Printed editions also produce a set of paper archives that are integral to the school’s history and can be saved for posterity. While online archives can be maintained, chronological paper volumes create a more accessible and permanent record of campus.
Working for a university publication also offers students opportunities for greater engagement with on-campus events and unique contact with administrators. Through reporting, student writers gain knowledge on events and issues they otherwise might not be acquainted with and in the process expand their own role in on-campus discussion. Without robust student journalism, universities lose some of the most engaged and invested students in their communities.
Student journalism is not only beneficial to on-campus readers but provides uniquely valuable skills to the staffers who dedicate time to university publications. Print journalism provides students with pre-professional experience, allowing them hands-on learning in the print process. Student journalism provides students the opportunity to develop their own individual voices and publish their own work for a wider audience, and the ability to do it in print adds an important dimension.
While students can benefit from publishing articles online, the added component of print allows staffers the setting to expand their journalistic skill-set from writing and editing to design and layout. At the Voice, the design of our publications is integral to our identity, and would be severely limited with a solely online format.
Print journalism is also valuable to prospective students. The fact that printed publications are hard to miss helps touring students seeking to discover if Georgetown is the best university for them and a place they can call home. Outside the admissions pamphlet, how do prospective students know what actually goes on on campus? Paper editions provide a realistic look into Georgetown dialogue, community, and life. It’s important that students learn about a university in a way that is not manufactured by the administration itself. Campus newspapers refuse to infantilize their readers, providing a comprehensive look at life on campus. The visibility of print journalism makes it harder to ignore students’ voices, especially if what they say disrupts the university’s carefully curated narrative.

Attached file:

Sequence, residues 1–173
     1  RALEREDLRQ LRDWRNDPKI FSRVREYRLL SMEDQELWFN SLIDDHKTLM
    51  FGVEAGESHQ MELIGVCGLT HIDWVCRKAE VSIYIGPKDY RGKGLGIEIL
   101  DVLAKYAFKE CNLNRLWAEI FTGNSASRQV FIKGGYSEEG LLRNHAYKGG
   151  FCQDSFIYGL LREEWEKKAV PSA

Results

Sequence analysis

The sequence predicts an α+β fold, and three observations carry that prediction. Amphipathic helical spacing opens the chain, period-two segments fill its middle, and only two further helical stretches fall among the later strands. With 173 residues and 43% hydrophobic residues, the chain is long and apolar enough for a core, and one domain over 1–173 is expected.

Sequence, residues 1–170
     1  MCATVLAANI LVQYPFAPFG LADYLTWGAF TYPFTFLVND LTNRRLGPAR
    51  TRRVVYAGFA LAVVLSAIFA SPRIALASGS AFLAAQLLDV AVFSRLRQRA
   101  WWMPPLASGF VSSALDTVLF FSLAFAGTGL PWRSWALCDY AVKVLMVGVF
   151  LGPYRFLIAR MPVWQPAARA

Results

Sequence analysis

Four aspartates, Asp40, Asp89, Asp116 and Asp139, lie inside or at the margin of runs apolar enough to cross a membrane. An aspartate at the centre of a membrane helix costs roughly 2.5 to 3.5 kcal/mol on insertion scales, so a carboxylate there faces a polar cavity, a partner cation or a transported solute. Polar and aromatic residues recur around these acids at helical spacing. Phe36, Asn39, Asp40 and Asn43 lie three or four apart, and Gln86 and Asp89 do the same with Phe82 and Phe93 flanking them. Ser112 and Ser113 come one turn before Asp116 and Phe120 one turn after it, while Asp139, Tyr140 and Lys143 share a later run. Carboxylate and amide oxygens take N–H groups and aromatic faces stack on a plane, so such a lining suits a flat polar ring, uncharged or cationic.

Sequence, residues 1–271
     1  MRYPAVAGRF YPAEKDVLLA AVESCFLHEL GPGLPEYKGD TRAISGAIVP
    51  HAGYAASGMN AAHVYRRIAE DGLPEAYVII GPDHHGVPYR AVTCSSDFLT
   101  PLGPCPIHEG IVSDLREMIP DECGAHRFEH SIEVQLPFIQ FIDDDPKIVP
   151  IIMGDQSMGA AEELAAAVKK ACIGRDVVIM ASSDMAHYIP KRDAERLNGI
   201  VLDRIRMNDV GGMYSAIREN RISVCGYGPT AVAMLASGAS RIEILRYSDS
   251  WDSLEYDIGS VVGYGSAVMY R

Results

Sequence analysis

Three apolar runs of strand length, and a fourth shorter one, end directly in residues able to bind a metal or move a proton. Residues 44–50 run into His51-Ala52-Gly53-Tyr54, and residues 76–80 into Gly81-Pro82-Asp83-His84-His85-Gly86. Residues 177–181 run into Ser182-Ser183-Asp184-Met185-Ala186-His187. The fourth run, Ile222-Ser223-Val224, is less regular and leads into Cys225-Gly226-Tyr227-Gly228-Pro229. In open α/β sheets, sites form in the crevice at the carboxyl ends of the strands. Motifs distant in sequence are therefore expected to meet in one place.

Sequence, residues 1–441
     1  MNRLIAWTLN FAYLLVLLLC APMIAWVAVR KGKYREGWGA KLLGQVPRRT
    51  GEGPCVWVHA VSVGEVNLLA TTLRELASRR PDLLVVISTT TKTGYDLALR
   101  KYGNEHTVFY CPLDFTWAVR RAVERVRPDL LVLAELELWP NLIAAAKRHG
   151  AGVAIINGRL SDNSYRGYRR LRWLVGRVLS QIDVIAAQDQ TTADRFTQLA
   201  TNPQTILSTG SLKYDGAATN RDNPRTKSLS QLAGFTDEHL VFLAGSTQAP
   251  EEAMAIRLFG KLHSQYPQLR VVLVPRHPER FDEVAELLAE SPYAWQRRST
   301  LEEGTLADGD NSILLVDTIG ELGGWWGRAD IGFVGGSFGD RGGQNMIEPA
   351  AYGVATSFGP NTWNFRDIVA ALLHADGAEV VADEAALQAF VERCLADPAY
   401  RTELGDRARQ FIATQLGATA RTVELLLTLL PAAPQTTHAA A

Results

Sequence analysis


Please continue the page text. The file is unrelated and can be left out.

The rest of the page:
Not only do student journalists shed light on campus events for their university communities, but their reporting can often provide jumping-off points for national coverage. In the past year, Georgetown student journalism alone has been essential in breaking national news stories like the college admissions scandal, the GU272 referendum, and the proposed Maryland solar project.
While some argue that switching to online-only publication reduces costs, this is not strictly true. Print editions invariably cost more to produce, but they also provide more valuable advertisement space to generate revenue. Publications across the country, student or otherwise, have struggled to monetize online space, and as of now, relying solely on online ads is unsustainable.
As student journalists ourselves, we can attest to how deeply we are invested in our print product. We spend hours poring over every word on every page, searching every line for typos or design mistakes. We stay up so late and put in so much work in service of a product that is bigger than ourselves, a product that has a university-wide impact. Seeing our names in print provokes a sense of pride in the journalism we create. In a time where journalistic endeavors are at risk of being pushed entirely out of tangible existence, we reject the systematic devaluation of print journalism and affirm the value that print production adds to student voices.